Aston Martin Drops Out of the Electric Car Race; Enters Formula 1 Instead
Aston Martin has put their electric dreams on hold indefinitely. After rumours emerged earlier this month that they are going to put the brakes on the development of their first electric car, Rapide E, Aston Martin has finally confirmed that the project has been suspended. The British automaker also had plans to launch an all-electric SUV under their Lagonda brand, but the timeline for that has been pushed from 2022 to “no earlier than 2025”.
The carmaker had a tough time in 2019, and it is largely attributed to the addition of a new factory at St Athan in South Wales, where the highly anticipated SUV, the DBX, is to be manufactured. Whilst selling SUVs seem to be a tried and tested method to keep carmakers out of the red, Aston Martin has been struggling with its cash flow while trying to set up this golden goose.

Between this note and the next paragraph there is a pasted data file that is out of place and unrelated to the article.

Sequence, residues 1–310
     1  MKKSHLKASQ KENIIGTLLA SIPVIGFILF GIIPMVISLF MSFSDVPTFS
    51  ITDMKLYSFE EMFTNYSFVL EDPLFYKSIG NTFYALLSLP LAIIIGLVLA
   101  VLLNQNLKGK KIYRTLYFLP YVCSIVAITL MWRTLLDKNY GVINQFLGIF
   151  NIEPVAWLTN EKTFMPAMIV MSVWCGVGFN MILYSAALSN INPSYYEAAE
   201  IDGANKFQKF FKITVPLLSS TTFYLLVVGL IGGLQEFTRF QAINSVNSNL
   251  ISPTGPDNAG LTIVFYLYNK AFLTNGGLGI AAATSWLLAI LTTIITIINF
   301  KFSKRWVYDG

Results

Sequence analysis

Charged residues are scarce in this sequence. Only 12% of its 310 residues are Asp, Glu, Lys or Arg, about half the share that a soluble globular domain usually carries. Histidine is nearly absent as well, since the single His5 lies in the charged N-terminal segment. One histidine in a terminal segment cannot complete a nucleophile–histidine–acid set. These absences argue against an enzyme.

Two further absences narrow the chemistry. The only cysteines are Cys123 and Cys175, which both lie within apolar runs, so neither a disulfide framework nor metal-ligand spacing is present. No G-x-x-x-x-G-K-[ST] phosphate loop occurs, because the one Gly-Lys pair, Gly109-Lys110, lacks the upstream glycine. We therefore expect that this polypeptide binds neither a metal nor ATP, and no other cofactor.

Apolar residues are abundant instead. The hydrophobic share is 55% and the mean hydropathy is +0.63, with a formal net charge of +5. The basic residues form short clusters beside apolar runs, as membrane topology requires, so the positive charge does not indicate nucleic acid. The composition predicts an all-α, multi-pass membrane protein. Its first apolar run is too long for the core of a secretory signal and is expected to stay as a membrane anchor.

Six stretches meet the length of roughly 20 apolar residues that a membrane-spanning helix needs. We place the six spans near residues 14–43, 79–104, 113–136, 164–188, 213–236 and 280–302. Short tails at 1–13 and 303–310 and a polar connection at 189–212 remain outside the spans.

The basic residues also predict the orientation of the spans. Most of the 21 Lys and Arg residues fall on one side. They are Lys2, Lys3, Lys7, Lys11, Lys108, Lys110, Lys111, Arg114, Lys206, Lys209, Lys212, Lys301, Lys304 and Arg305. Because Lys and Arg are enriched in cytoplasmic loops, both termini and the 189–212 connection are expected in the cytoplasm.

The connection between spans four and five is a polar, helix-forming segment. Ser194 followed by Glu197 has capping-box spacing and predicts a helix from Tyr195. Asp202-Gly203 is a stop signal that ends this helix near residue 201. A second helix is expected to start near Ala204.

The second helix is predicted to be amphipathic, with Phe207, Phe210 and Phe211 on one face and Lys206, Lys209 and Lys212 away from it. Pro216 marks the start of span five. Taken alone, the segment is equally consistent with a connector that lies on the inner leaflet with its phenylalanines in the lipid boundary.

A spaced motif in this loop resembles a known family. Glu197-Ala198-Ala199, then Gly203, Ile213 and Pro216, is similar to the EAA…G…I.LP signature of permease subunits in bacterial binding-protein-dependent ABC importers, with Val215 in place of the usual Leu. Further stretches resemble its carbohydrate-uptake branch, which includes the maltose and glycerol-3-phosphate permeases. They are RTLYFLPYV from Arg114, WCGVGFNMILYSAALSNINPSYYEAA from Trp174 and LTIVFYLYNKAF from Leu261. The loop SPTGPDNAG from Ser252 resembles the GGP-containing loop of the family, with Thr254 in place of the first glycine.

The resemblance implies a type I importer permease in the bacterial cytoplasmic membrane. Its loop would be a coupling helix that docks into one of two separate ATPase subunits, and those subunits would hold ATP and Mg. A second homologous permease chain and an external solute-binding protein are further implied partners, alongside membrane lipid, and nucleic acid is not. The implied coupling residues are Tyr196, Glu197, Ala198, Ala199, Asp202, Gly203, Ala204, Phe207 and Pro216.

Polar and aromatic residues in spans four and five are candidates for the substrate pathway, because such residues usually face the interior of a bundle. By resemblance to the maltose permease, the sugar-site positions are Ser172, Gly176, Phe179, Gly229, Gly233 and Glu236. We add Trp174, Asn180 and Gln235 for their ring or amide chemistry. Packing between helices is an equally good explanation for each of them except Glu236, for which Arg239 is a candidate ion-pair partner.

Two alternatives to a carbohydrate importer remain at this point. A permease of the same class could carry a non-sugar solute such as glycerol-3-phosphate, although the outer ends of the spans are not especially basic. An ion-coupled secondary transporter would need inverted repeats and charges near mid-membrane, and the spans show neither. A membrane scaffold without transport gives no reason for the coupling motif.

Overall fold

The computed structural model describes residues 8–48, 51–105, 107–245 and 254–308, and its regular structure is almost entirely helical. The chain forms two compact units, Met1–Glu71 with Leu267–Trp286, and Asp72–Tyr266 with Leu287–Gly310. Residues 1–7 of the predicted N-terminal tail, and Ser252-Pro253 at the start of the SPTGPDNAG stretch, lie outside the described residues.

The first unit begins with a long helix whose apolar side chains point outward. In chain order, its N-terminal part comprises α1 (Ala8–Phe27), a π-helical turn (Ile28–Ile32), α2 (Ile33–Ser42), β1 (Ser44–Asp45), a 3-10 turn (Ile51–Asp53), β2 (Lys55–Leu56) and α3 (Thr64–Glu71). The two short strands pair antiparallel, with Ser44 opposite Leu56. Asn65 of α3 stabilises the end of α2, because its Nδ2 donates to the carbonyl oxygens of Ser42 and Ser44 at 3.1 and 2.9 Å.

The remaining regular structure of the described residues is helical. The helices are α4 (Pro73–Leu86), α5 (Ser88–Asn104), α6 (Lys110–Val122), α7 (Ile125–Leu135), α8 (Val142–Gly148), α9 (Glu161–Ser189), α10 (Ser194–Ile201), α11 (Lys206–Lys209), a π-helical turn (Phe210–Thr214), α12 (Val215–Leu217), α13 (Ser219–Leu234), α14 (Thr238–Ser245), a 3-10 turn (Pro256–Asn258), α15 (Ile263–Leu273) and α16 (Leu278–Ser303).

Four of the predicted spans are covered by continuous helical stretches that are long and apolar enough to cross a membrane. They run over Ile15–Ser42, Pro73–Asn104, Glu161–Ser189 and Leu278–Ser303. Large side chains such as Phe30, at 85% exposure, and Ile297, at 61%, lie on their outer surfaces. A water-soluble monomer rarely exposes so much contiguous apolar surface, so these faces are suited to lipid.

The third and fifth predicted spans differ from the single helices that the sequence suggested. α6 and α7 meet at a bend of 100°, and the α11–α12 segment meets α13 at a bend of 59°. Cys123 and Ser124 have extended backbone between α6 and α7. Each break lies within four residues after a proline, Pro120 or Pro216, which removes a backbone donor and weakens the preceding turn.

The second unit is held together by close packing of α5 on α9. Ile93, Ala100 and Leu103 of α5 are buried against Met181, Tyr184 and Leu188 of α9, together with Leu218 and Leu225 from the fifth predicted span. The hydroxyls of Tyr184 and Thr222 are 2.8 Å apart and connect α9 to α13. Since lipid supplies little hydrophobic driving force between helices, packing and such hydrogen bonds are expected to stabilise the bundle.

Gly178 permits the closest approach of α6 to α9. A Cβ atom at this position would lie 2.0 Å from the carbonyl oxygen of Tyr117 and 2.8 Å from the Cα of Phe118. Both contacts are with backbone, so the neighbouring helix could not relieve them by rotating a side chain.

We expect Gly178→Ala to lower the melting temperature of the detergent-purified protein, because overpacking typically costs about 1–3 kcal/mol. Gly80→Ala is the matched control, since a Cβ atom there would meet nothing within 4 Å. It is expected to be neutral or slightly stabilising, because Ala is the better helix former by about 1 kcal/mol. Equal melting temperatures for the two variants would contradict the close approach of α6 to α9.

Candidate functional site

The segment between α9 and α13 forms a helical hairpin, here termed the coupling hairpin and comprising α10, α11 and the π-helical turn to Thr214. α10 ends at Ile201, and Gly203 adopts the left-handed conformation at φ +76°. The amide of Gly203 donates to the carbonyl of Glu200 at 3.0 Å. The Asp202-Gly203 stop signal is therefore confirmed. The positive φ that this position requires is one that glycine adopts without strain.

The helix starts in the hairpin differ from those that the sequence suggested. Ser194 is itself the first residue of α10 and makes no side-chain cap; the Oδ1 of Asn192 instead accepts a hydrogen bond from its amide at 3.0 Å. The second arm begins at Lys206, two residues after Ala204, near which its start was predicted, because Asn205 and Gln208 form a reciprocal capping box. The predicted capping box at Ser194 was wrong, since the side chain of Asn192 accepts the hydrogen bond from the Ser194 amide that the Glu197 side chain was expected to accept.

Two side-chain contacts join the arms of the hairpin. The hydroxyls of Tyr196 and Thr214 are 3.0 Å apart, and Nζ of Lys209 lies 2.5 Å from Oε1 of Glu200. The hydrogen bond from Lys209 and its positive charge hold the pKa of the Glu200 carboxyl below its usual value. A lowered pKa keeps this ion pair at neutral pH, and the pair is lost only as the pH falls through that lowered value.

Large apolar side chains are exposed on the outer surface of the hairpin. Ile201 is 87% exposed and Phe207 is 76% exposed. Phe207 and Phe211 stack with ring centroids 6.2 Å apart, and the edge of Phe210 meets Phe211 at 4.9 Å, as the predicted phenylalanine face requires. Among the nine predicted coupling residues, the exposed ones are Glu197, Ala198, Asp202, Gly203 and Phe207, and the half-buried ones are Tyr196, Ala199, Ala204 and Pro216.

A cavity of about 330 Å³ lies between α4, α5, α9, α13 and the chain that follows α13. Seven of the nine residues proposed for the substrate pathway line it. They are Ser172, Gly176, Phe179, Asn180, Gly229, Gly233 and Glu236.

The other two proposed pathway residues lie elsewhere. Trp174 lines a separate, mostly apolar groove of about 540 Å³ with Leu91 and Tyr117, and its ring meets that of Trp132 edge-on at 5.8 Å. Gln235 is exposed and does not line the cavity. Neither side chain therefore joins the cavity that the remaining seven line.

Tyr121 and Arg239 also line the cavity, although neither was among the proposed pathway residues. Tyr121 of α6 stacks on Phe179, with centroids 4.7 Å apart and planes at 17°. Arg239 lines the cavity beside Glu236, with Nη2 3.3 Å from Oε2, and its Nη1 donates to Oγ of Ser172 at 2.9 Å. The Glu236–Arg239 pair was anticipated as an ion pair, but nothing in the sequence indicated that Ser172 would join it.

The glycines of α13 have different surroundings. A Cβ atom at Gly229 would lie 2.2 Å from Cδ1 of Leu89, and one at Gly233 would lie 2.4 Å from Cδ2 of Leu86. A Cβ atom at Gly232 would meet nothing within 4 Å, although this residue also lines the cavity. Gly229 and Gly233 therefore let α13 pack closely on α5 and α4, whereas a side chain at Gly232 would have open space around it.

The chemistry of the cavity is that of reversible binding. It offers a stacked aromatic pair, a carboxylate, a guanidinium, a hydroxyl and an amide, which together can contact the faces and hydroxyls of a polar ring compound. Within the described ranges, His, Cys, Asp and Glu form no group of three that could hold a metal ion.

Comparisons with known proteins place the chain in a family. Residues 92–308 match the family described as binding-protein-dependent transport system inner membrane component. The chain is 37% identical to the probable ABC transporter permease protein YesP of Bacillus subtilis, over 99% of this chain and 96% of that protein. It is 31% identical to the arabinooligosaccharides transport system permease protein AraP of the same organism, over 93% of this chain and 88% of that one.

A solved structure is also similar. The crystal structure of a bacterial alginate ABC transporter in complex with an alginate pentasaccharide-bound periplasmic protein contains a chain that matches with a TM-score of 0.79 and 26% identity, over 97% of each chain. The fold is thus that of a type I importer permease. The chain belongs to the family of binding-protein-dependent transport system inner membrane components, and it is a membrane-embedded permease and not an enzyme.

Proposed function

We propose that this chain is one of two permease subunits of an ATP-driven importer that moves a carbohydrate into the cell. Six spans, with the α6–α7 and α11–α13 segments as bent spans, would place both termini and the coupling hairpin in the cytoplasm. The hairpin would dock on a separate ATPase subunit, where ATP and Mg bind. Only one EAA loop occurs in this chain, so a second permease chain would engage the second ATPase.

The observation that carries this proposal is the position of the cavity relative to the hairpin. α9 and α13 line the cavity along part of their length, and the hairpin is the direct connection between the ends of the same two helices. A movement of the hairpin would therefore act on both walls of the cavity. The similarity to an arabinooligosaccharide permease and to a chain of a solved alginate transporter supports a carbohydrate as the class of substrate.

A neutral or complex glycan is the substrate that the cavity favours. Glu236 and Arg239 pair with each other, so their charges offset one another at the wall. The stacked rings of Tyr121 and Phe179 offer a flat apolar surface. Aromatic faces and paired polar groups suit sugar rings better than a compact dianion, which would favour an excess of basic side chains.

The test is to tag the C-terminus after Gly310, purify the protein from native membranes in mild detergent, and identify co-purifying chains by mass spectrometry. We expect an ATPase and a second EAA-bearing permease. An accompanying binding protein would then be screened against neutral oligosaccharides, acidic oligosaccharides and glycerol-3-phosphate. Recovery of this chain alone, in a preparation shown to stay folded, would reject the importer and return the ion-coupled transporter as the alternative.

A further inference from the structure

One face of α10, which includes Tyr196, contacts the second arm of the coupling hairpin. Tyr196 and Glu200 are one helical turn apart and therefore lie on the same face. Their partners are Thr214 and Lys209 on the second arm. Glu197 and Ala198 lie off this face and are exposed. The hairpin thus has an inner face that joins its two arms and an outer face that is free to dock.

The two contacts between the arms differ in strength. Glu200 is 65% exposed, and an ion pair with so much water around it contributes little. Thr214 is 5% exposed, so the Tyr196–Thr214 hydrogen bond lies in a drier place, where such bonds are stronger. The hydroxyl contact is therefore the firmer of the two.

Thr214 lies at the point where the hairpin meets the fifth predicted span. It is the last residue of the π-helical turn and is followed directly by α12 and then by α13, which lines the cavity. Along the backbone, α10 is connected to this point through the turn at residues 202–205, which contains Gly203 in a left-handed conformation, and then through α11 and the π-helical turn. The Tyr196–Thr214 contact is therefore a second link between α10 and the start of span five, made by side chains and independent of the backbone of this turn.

Although retail sales for the marque were up 12% from the year prior, wholesale orders from the dealers went down by 7%. As they struggled to maintain operations while also building the factory, the company had to borrow £120 million at a high interest rate last year. But even that proved to be insufficient.
Cue entry of Canadian billionaire and Formula 1 Racing Point team owner, Lawrence Stroll, to bail them out. On Friday, a consortium led by Stroll traded £182 million for a 17% stake in the company, the appointment of Stroll as an Aston Martin Executive Chairman..and much more. The agreement required Aston Martin Lagonda to enter into a “legally binding termsheet under which the Racing Point F1 team will become the Aston Martin F1 works team with effect from the 2021 season”. So, it’s bye-bye electric and hello again petrol and burning rubber.
The start of the 2021 F1 season will end a 61-year hiatus for the Formula 1 Aston Martin works team.